It's the 1955 Definition! Progress at last!


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Subject: RE: Origins of 20C Tunes Sessions
From: Paul Davenport
Date: 21 Sep 12 - 12:10 PM

Pepys remarks in his diary on going to the coffee house to play music with his mates. He played recorder and comments on the company of John Blow, Daniel and Henry Purcell et al. The suggestion is that he is going to a recognisably modern 'session'. My researches on the community of muisicians known as the 'Blind Fiddlers of Sheffield' (despite their playing flutes, singing etc.) also show that the practice was prevalent in the late 18th and early 19th centuries. My considered opinion is that the 'session' has been with us for a hell of a long time!


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Subject: RE: Origins of 20C Tunes Sessions
From: Wolfhound person
Date: 21 Sep 12 - 12:57 PM

The Alnwick gathering started in 1949, and went on until 2 years ago, when it finally died due to lack of support from punters, both musicians, dancers and audience.

One of the factors is supposed to be the sheer number of other events available now. Lack of support for competitions was another - in the 1950s competition classes could last several hours, whilst in the last ten years one person per class was often the norm.

In the 50s buses were put on from local communities to get people to and from it.

Forster Charlton's recordings - about 1200 reel to reel tapes and several hundred cassettes are in the process of evaluation, though there is much material not relevant to anything trad. or folk. None of them are labelled, so the whole lot have got to be checked.

Paws


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Subject: RE: Origins of 20C Tunes Sessions
From: Les in Chorlton
Date: 21 Sep 12 - 01:23 PM

Is the relationship between the dots and the tune players more than a bit like the relationship between singers (pre-20C) and broadsides and their publishers?

Not joined at the hip but clearly in contact with music and songs passing in both directions?

Les


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Subject: RE: Origins of 20C Tunes Sessions
From: Jack Campin
Date: 21 Sep 12 - 03:43 PM

There is essentially nothing being passed back from sessions to professionals.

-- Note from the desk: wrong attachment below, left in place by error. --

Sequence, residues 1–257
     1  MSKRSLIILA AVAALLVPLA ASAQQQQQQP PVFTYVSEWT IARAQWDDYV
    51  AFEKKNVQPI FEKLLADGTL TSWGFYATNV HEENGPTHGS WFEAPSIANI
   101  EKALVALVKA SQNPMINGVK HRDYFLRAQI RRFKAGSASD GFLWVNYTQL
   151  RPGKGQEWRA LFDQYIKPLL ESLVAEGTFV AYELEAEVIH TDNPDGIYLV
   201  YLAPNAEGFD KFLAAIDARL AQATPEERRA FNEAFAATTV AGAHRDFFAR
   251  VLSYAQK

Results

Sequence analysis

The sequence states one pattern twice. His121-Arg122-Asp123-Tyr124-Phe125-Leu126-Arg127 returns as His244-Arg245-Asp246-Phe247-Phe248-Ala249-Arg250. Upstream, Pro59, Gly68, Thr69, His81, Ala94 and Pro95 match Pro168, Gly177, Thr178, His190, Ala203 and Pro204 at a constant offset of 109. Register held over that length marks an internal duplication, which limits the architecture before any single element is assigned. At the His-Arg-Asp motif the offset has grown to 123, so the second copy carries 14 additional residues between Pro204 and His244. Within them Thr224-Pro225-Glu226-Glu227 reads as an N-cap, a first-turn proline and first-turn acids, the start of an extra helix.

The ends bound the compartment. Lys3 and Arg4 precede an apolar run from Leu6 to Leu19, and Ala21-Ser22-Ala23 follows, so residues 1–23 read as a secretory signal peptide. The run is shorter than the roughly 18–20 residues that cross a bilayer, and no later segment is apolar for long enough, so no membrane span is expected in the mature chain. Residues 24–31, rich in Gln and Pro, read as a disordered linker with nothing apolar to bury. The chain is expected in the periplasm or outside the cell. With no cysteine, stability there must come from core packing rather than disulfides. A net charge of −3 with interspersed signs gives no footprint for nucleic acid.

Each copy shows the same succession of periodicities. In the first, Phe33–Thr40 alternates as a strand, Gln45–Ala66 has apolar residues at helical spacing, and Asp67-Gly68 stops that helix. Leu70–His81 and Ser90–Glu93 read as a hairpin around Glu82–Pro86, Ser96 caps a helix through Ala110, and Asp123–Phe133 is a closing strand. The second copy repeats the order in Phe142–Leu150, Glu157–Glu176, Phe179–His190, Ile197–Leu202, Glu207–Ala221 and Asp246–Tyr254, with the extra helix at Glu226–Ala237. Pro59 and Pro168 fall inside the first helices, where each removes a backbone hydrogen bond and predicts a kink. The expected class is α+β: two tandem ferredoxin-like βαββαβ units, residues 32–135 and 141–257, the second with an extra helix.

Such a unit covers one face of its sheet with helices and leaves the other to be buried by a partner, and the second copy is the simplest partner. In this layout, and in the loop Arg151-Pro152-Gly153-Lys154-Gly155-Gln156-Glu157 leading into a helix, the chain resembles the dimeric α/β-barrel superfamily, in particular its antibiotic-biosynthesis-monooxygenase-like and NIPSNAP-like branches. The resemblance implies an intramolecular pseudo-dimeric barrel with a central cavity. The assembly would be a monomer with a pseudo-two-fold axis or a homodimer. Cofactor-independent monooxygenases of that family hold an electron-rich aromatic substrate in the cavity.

CDs, iTunes, Spotify and YouTube are perhaps more important than printed dots now, but only YouTube allows session musicians to communicate their versions of tunes to each other. There's nothing more spontaneous and historically authentic about learning a tune off a CD than out of a book - the learner is equally likely to play the tune by rote, or not.


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Subject: RE: Origins of 20C Tunes Sessions
From: Manitas_at_home
Date: 22 Sep 12 - 02:35 AM

Dunno about that Jack, I've passed tunes onto to people that have then appeared on albums. Can I really be the only one?


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Subject: RE: Origins of 20C Tunes Sessions
From: Mo the caller
Date: 22 Sep 12 - 04:06 AM

What is a 'professional'? Does that include groups that take the occassional paid booking.
'Cos it's very frustrating to go to an open session and a group that got a tune from me play it 'fancied-up' so that no-one else can join in.


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Subject: RE: Origins of 20C Tunes Sessions
From: Les in Chorlton
Date: 22 Sep 12 - 07:10 AM

"Is the relationship between the dots and the tune players more than a bit like the relationship between singers (pre-20C) and broadsides and their publishers?

Not joined at the hip but clearly in contact with music and songs passing in both directions?"

Sorry the point I failed to make here is that historically ie 19C and earlier is that songs passed in and out of the oral tradition via Broadsides and tunes passed back and forward via little books of tunes

L in C#


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Subject: RE: Origins of 20C Tunes Sessions
From: Paul Davenport
Date: 23 Sep 12 - 04:52 AM